I am not going to argue if this is true or not but there is more depth to the conservative argument then you are allowing. If you look specifically at the values conservatives say they hold you can find alternative explanations. Any National program that overtakes states rights but is not outlined in the constitution will interfere with the federalist conservative values. Pick an issue that you think conservatives have wrong and are being stupid/evil about and I can try to show you what I mean on your terms.

I think saying that the GOP is opposing Obama's ideas just to win is a very narrow approach. They simply do not have the same values that you do.

someone I follow posted this, and I think he is correct

"To me the left/right debate, when done correctly is a debate about whether freedom is a higher value than equity. It doesn't all get down to that but most of it does. There's no one answer to that question but conservatives will more often answer yes and liberals will more often answer no. As a result, conservative bad outcomes are usually generated by free people making bad choices. Liberal bad outcomes are usually generated by government making bad choices. I prefer the former because the degree of bad is generally much lower."

ModeratePoli said...

@rs, it's the familiar framing device. Conservatives, and particularly libertarians, love to use 'freedom' and 'liberty.' It certainly works for them, in the abstract. The actual nuts and bolts are a lot harder to sell. If 'freedom' means an end to all sorts of redistributive policies such as: public elementary and secondary education, Social Security, Medicare, Medicaid or most healthcare for the poor, unemployment insurance, SSI--it seems to me that generations of Americans have decided for a little less 'freedom' and more safety net.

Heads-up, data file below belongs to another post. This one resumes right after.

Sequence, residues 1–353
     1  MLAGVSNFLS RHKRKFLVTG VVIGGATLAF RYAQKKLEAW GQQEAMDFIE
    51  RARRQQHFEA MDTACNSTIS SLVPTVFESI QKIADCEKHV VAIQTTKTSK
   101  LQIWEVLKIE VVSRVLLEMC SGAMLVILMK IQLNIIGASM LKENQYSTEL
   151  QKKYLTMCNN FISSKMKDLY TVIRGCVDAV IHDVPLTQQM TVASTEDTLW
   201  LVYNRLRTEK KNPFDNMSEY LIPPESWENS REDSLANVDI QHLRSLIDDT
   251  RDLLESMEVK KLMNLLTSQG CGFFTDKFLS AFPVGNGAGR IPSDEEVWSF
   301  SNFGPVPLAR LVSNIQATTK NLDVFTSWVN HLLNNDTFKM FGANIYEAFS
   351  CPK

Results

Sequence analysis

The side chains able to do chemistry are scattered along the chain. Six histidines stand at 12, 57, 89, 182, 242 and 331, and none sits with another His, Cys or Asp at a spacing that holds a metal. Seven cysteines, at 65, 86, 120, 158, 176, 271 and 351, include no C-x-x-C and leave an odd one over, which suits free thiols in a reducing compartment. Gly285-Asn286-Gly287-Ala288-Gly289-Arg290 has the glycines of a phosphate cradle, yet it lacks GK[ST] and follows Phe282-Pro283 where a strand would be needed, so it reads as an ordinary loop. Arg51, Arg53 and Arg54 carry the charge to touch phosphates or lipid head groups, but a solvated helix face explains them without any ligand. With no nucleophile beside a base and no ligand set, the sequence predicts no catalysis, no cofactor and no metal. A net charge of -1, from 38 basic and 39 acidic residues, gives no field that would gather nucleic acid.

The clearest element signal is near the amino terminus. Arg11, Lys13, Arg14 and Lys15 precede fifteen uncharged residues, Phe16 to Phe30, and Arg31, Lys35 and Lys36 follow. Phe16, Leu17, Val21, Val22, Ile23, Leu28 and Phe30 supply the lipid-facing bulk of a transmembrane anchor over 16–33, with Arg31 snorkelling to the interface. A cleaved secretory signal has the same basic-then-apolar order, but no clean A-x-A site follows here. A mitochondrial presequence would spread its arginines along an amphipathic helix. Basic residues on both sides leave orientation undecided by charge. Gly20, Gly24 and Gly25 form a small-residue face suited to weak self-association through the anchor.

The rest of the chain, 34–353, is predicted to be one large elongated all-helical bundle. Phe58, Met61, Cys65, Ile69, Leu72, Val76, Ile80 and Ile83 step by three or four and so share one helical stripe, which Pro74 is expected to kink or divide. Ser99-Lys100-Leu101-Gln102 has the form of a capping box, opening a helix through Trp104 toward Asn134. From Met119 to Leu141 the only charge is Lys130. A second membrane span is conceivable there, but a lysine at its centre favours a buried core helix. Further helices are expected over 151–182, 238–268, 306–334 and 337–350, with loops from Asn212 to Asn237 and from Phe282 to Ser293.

Only the hardcore want to eliminate those programs--the kind that booed the uninsured crash victim question at the GOP primary debates, for example.

Certainly the liberal do-gooders overreached with social programs, but partial rollback, which I think is the desirable option favored by most, is not at all like giving the responsibility "back" to the states. The states did a crap job or none at all, and the people wanted the feds to step up. And they got that.

That looks like democracy to me. I'm not worried about going back to the strict interpretation of the constitutional limits because people don't want it.